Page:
Corporate giants like Microsoft, IBM, Ranbaxy, Novartis, Coca-Cola, Gillette have been widely admired for their success and growth rate. But what is it that makes them stand apart? It is the Intellectual Property portfolio, including patents, design & trademark, which is the active ingredient in their success.
Keeping this in view, Amity Innovation Incubator (AII), which helps entrepreneurs realize their dreams through a range of infrastructure, business advisory, mentoring and financial services, organised a day long seminar “Protecting Intellectual Property Rights” at Amity Campus, Noida. The seminar, being held in collaboration with India Juris, Trademark and Patent Attorneys, focused on the commercial aspects of IPRs, enforcement of IPRs, design and geographical indications and trademarks and copyrights.
The seminar included interactive sessions on “ IPR Laws and Regulatory Framework”, “ Patents”, “ Trademarks and Copyrights”, “ Design and Geographical Indications”, “ Enforcement of IPRs” and “ Commercial aspects of IPRs”.
Mr. Sameer Rastogi- Indian Juris, an International Law Firm focused his deliberations on the commercial aspects of Intellectual Property Rights. Drawing an important comparison between the number of patents that are filed yearly in India vis- a vie US, he said that US PTO issues nearly 200,000 patents every year whereas Indian PTO granted 15, 262 patents during 2007- 08.This does not mean that Indians are not creative or competitive but simply points to the fact that the area of IPRs needs awareness at grass root levels. Suggesting ways to commercialize the patent, he further said that “a direct way of monetizing a patent is to base a company on its patent and develop a business around that technology. He also shared some important facts about auction of IPRs, which helps the companies to expand into new markets or to enlarge their product lines and services and also, advantages of such actions.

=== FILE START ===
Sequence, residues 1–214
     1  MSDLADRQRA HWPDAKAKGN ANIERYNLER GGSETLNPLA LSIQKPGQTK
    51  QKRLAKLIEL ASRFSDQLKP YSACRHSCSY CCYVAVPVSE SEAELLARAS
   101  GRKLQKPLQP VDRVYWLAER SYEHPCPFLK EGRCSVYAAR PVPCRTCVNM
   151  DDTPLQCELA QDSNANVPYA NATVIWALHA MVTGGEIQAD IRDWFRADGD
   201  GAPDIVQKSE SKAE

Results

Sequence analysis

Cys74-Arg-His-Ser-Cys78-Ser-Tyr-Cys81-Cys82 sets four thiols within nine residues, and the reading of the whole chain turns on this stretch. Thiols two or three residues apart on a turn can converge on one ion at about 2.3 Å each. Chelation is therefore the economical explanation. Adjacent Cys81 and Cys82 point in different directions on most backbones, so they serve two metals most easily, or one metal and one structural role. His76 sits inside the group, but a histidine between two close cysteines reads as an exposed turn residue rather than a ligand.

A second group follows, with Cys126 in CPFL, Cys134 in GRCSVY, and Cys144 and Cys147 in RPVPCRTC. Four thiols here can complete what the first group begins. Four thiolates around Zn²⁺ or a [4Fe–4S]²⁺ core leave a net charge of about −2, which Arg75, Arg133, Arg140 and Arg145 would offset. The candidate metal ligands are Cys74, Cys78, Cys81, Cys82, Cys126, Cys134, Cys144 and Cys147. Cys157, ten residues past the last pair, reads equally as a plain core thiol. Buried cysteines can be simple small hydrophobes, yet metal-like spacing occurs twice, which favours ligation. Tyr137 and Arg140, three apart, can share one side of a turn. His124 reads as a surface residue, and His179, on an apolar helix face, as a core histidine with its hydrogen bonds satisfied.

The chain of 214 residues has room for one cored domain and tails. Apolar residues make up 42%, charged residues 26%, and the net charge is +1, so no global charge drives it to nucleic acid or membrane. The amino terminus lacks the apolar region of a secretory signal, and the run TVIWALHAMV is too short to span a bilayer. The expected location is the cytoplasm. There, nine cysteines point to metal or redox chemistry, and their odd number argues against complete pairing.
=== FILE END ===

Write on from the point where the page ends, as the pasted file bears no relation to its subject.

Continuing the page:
Another speaker from Patent Office, Delhi cleared the mist around design and geographical indications and registration process in India. Elaborating on the features of design necessary for registration, she said that the features of design must be “new, original, distinct and clearly visible. The design must not be disclosed to the public anywhere by publication in tangible form, or by use in any form prior to the filling date.” Talking about the benefits arising out of registering the design, she commented that the registration of design facilitates appearance of that design which in turn promotes marketability of product. Visual attractiveness helps to catch the attention of the potential buyer. She shared some important global IPR websites with the delegates including http://ipindia.gov.in (India), http://www.wipo.net (WIPO), http://ep.espacenet.com (EPO), http://www.surfip.gov.sg (Singapore) and http://www.jpo.go.jp (Japan), where they can get all the necessary information about trade mark and patenting.
Over 30 delegates from start –up companies including Techtribe, India Juris, Patent Office, Anand & Anand, GVC, Semantics and Visuals, Efextra, Glue Design, Ambio Research, TIE, Creative Vistas, Lex Orbis ,Teva Pharmaceuticals, Fox Mandal attended the stimulating sessions of the seminar.